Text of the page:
I think that the foam would qualify as a collpsing sructure. I do know that the bolts sometimes shear off in certain situations where the vehicle is hit hard enough or is involved in a serious wreck. It would make sense to have as much padding as practical to absorb the shock of being thrown around, but I have never experienced the concussion of an IED inside of my vehicle. Nor do I know someone that was wearing a seatbelt when they were. What we have experienced in the realm of IED's was mainly a lot of fragmentation for those that were effective. We have lost more men to vehicle wrecks than from enemy action, and it was determined that not using seat belts was one of the reasons why the injuries were so severe.
So I really don't know the answer. I'm sure the seats were tested in the standard configuration with a crash test dummy in a lab. I doubt if the test HMMWV had a Frag 5 kit on it and if the dummy was wearing body armor. I'd like to see more research on blast injuries inside of a HMMWV, and ways to mitigate. If anyone has links please post them on the proper forum. I'll do some more research on the seat and post what I can.

Last edited by Goat Bandit; 02-09-2007 at 13:13.
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Old 03-19-2007, 11:04   #14
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Not sure if this qualifies as "Redneck/SF Engineering" but if you plan on going camping and know ahead of time that your gonna be limited on resrouces that you can bring, bring a thing of cotton balls, and petrolium jelly (not sure on spelling). If you coat the cotton balls with the jelly, and stick them together it acts as a wick, and slows down how fast the cotton balls burn away. We went on a camping trip in my Outdoor Education class, and it was wet and windy outside and trying to sustain the fire was getting hard. So our teacher taught us that little trick and made the whole procerss alot easier.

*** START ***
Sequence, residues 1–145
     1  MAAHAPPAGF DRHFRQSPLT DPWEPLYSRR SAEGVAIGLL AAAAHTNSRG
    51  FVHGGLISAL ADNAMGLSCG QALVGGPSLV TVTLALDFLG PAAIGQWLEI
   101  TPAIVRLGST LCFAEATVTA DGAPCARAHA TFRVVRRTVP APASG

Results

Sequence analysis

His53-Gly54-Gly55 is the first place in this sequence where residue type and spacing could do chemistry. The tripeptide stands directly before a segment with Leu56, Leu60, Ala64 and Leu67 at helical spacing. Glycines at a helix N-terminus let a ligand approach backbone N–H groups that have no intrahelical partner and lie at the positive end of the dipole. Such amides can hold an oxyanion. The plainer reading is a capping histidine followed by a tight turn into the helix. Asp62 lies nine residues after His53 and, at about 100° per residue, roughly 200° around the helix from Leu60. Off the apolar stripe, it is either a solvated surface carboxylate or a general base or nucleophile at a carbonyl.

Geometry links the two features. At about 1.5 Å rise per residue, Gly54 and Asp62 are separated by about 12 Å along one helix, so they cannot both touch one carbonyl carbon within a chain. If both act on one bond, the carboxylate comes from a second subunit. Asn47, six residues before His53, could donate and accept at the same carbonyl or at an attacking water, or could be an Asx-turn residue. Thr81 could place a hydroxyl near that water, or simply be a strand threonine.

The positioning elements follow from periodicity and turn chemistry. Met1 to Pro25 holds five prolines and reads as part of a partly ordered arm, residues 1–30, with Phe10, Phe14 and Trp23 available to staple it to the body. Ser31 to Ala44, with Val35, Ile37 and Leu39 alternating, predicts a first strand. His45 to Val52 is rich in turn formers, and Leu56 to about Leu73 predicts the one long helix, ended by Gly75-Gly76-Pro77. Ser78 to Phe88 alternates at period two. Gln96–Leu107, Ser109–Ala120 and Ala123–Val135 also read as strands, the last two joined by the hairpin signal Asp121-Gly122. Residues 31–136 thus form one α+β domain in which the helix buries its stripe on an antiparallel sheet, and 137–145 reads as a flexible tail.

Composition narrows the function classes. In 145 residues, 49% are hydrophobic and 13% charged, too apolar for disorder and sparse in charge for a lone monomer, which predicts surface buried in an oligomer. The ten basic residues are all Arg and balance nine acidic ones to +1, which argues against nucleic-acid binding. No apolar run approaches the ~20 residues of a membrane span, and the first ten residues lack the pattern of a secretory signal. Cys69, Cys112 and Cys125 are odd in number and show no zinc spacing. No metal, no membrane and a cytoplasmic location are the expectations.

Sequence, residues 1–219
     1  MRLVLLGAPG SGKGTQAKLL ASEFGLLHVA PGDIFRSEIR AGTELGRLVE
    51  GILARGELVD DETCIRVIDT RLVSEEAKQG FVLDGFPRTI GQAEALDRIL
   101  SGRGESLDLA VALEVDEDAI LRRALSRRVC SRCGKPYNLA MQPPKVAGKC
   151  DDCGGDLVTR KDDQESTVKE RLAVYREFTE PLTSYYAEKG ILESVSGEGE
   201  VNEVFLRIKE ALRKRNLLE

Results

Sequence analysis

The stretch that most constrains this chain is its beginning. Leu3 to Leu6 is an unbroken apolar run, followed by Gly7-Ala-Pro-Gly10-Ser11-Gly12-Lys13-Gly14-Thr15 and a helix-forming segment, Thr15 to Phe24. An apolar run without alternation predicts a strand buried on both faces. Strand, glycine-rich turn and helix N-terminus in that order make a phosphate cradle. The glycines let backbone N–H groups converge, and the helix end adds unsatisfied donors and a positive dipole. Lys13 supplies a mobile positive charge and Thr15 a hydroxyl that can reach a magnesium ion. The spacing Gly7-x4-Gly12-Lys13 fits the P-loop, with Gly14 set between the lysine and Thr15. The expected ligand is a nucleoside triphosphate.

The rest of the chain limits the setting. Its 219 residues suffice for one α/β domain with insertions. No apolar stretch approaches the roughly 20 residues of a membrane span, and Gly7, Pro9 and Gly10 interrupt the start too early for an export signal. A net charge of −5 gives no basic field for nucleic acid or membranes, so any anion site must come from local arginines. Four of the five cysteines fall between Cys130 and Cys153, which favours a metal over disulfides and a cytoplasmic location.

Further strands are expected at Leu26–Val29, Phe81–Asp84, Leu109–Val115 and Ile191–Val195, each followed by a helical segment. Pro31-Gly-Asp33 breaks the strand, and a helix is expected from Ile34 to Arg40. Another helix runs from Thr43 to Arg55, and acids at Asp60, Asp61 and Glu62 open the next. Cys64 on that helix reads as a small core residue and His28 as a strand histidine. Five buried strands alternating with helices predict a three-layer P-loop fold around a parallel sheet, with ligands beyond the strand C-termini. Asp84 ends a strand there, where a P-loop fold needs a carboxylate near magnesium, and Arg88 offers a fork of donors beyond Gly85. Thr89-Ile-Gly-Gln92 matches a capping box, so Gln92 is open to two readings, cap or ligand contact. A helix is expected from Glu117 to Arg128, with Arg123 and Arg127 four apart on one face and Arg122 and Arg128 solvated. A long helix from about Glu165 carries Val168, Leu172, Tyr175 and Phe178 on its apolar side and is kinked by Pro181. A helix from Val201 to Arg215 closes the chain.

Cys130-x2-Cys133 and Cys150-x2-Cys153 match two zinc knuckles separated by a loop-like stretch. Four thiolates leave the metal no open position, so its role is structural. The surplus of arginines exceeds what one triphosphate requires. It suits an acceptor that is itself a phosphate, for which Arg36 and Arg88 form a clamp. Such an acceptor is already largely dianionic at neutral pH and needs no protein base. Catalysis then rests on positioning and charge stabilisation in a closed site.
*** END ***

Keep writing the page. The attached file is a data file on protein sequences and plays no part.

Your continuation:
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Old 04-28-2007, 17:04   #15
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Quote:
Originally Posted by Goat Bandit
This came to me a couple of days ago...

If you are a tall guy like me, you might have a hard time fitting in the VC's seat with all of your kit on. So after a couple of months of trying to fabricate some sort of seat back extension for my chair a light bulb came on. The back rest has 4 inches of padding on it, but the bolt holes are in line with the back side of the seat back (behind the padding). I just took off the entire back rest off and bolted it back on, but now facing aft. And that gave me another 4 inches of leg room. Sure, all of the padding is now on the wrong side but now my seatbelt fits and my knees aren't burning up on the dash.

If anyone else has another solution, I'd like to hear about it.
If you take out the bottom bolt on both sides the seat will pivot like a recliner. If you're 5'7" to 6'0" it works out pretty good with kit on.